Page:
How to Begin: The Gospel of Mark 1:1-8

Notes on the sermon from LIT Youth, Tuesday, 2.1.11

The Gospel of Mark is great!  It’s the shortest one. It has a lot of action. And it’s written for people like us: Gentiles! That just means it was written for people who weren’t Jewish.

The most general acceptance of who Mark was is as follows: He was not a follower of Jesus during His lifetime, but was brought into the faith as a young person by his family. He was the cousin of Barnabus (check out the book of Acts for more on Barnabus). His name was John Mark (John = Yohan, a Jewish name; Mark = Markus, a Greek name). Again, you can read the book of Acts for more about John Mark.

It is believed that he was a translator for Peter as he preached. It is thought that the Gospel of Mark is a compilation of Peter’s sermons about the life of Jesus, probably written in Rome while Peter was imprisoned there.

The Gospel of Mark tells us about the man Jesus was. It emphasizes His miracles and works. It’s the action Gospel. So, let’s dig in!


Looking at stuff like the revolution in Egypt, and other political events, we find that a lot of people try to make Christianity political. And that’s ok, as long as you are living out your involvement in politics with the same righteousness and faith as in the rest of your life. But Jesus is not a political figure. Jesus avoided political questions:

John 18:36 Jesus said, “My kingdom is not of this world. If it were, my servants would fight to prevent my arrest by the Jewish leaders. But now my kingdom is from another place.”

He focused on people’s hearts and the politics of eternity, not this world. So we should as well. Let’s be like Him. Let’s follow Jesus, and let the rest work itself out.

follow people who are better than you:

Mark 1

1 The beginning of the good news about Jesus the Messiah, the Son of God, 2 as it is written in Isaiah the prophet:
“I will send my messenger ahead of you,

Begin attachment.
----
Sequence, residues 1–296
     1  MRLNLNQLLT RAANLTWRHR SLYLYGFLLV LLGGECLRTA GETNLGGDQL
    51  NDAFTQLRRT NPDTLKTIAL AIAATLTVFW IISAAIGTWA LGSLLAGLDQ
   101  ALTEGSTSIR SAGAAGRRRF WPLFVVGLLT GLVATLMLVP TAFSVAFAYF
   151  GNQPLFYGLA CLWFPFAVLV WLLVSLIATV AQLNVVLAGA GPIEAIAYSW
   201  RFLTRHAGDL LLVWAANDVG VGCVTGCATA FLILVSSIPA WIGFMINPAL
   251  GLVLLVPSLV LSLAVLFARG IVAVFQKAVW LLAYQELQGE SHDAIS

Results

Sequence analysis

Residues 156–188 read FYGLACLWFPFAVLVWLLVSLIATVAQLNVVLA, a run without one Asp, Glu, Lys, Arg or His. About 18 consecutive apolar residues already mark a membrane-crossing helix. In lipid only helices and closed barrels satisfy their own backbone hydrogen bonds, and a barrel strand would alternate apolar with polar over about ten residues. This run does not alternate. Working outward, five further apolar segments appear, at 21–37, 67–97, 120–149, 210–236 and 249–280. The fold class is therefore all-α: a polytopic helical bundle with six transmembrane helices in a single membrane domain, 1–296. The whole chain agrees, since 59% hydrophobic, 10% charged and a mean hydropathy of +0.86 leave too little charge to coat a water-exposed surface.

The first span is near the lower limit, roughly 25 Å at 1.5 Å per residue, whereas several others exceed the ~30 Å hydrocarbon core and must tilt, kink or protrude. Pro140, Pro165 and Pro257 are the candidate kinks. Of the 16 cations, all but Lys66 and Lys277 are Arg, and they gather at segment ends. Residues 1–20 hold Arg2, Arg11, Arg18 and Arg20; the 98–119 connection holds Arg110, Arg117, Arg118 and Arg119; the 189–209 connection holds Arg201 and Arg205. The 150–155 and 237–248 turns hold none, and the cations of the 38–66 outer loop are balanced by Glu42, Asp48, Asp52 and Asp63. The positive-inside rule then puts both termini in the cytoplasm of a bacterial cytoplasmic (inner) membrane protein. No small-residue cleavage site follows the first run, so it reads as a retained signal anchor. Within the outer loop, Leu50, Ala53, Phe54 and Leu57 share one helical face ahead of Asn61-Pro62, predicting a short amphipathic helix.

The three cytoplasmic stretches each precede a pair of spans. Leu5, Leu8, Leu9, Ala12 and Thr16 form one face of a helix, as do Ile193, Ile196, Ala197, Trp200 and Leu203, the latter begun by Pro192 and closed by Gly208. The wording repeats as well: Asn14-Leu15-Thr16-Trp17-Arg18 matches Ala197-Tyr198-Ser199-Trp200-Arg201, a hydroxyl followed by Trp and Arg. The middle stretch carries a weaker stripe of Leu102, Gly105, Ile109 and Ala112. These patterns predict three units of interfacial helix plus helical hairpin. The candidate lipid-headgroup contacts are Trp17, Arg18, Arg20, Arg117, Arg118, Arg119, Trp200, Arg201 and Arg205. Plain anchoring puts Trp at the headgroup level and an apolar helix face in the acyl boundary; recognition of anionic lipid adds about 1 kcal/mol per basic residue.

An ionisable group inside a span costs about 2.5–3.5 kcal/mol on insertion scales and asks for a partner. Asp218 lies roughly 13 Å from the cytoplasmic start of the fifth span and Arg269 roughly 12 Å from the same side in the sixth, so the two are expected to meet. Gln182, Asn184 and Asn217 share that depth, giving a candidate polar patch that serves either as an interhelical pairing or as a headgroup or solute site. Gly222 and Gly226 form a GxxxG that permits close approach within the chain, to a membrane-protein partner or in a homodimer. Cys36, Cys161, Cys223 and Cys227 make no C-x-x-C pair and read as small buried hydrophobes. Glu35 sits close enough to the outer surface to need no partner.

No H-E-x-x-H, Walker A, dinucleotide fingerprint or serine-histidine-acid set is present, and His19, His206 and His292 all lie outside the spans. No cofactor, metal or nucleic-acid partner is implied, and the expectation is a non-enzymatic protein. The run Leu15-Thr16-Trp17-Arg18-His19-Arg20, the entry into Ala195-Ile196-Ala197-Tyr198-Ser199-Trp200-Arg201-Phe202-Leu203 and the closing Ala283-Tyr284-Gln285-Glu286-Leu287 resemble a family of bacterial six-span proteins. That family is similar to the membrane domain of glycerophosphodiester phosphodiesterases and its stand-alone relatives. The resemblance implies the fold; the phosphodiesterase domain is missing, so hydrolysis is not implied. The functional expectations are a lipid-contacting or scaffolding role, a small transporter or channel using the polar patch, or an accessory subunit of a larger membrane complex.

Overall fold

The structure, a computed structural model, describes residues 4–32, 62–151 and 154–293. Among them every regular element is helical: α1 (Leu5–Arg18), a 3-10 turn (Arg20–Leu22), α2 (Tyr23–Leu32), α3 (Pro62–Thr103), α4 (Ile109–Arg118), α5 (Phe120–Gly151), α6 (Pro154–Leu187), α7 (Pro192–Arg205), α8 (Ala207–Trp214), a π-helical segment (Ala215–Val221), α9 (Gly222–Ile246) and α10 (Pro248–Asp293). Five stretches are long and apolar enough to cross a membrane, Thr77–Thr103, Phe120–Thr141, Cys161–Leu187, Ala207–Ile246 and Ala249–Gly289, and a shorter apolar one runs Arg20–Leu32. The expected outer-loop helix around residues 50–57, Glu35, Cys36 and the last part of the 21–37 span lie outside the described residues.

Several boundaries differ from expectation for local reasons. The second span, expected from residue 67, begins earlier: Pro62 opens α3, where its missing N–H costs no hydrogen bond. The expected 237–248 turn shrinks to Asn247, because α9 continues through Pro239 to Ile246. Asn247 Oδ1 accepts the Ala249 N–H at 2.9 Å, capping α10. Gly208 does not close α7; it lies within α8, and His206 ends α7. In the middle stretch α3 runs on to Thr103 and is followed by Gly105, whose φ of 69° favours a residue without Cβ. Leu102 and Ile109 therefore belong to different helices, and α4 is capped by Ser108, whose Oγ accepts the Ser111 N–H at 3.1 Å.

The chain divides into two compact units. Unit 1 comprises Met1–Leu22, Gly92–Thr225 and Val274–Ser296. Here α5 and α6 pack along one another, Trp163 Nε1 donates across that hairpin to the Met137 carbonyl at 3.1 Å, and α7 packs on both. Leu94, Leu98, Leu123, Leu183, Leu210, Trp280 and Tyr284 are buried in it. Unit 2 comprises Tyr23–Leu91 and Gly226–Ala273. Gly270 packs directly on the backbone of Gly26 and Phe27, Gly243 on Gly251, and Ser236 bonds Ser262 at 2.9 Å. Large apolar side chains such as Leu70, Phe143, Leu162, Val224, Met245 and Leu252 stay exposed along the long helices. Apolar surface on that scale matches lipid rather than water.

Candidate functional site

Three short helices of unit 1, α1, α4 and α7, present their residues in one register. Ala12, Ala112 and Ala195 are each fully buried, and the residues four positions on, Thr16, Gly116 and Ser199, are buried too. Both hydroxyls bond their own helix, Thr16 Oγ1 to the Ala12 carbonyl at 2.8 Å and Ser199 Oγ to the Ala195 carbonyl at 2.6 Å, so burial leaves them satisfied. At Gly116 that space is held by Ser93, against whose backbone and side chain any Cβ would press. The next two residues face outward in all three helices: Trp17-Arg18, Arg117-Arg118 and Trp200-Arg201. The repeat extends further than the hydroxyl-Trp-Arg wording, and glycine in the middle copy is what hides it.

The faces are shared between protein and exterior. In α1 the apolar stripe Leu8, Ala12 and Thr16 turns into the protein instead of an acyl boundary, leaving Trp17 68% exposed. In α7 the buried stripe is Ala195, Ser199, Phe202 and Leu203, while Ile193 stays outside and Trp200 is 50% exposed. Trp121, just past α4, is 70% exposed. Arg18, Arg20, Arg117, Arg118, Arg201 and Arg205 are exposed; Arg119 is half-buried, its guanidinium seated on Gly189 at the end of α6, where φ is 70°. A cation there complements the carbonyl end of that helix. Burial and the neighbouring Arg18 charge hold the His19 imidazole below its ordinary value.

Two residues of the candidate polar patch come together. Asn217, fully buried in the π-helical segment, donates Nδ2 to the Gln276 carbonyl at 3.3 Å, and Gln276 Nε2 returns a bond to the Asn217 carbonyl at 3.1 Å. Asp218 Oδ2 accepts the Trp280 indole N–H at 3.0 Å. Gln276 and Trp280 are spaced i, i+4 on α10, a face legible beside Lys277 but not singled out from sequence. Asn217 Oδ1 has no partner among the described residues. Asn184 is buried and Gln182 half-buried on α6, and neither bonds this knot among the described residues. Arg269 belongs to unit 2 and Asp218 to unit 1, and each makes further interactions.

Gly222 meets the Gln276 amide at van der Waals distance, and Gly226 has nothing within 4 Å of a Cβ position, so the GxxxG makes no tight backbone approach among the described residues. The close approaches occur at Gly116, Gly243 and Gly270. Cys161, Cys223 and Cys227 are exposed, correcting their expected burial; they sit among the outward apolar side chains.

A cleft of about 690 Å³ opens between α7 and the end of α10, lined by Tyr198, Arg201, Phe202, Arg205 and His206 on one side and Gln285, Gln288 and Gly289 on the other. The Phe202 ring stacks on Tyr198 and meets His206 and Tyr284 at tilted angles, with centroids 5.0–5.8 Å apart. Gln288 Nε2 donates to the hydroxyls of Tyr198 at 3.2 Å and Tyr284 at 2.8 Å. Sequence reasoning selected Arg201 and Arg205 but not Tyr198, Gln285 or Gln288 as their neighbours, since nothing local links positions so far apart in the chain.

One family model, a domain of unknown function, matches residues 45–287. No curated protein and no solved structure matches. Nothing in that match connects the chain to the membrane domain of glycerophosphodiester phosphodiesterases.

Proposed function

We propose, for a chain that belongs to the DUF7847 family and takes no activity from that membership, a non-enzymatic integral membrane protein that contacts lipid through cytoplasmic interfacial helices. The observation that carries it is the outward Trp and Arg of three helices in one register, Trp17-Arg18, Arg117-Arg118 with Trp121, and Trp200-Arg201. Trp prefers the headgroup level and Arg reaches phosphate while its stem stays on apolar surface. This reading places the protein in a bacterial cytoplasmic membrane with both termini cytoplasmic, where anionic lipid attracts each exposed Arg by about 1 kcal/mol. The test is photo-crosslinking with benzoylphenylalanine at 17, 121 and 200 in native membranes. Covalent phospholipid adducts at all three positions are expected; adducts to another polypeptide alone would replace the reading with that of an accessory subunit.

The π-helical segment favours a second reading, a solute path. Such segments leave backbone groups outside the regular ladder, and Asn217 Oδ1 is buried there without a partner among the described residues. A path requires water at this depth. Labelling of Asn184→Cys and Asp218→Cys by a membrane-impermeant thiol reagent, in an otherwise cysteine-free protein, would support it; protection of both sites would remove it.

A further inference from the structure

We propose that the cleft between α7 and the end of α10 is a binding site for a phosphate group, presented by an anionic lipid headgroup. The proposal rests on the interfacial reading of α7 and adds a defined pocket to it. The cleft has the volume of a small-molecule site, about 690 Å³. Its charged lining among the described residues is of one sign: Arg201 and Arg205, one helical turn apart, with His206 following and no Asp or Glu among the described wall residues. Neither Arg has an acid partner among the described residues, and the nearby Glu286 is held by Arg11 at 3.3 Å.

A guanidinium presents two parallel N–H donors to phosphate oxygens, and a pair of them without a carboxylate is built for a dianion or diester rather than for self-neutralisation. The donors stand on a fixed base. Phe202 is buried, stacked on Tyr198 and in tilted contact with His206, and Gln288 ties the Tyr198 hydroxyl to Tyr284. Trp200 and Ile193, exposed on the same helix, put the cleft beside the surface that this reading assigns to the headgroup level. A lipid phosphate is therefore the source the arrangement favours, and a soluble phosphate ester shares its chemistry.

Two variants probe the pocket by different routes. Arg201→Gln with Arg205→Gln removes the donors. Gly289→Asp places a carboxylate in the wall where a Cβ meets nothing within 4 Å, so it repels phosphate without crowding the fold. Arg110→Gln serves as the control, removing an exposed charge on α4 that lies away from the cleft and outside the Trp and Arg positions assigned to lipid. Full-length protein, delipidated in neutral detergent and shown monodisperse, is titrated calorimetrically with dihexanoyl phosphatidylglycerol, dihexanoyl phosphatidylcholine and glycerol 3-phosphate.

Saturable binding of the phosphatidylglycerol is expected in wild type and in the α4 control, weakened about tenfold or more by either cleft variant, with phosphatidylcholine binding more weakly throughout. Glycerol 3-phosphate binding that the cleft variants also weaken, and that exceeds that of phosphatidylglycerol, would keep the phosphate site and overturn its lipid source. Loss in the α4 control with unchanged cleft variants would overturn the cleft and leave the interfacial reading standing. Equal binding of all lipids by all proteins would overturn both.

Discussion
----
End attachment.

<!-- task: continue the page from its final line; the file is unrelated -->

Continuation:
who will prepare your way”—

3 “a voice of one calling in the wilderness,
‘Prepare the way for the Lord,
make straight paths for him.'”

4 And so John the Baptist appeared in the wilderness, preaching a baptism of repentance for the forgiveness of sins. 5 The whole Judean countryside and all the people of Jerusalem went out to him. Confessing their sins, they were baptized by him in the Jordan River.6 John wore clothing made of camel’s hair, with a leather belt around his waist, and he ate locusts and wild honey.

John was a prophet. Tons of people followed him. Because he knew of a better way to live. People followed him and went to him because they wanted a new beginning and wanted to get the “better life”. But even John spoke of something better:

7 And this was his message: “After me comes the one more powerful than I, the straps of whose sandals I am not worthy to stoop down and untie.8 I baptize you witht water, but he will baptize you witht the Holy Spirit.”

Jesus is the One coming after John. Jesus is so rad that John says he’s not even good enough to untie Jesus’ shoes. That’s crazy awesome. If John was cool enough for half of Israel to trek out to the Jordan river to follow, Jesus should be worth following just about anywhere!

It’s kinda like how I learned to snowboard and skateboard. I would hang out at skateparks and try to do the tricks that the other guys would do. I would watch them, and maybe even try to follow the same lines they took through the park. I followed the guys who were better than me.

When I was a kid, Michael Jordan was the best basketball player ever. He had commercial jingles about him, “I wanna be, I wanna be like Mike.” He had shoes. He was on the Wheaties box. His team won all the time. I always wanted to do the “Air Jordan” dunk, and would do so any time there was a rim low enough to the ground to fake it. Jordan was the best, and kids across the country followed his example.

In the same way, Jesus was the best that ever lived. And part of that was done to show us how to live life in a way that pleases God. So we should follow Him. Be like Him. And with the help of God’s Holy Spirit, we can.

As we read Mark, we’ll see how Jesus lived, and how we can follow and be like Him.


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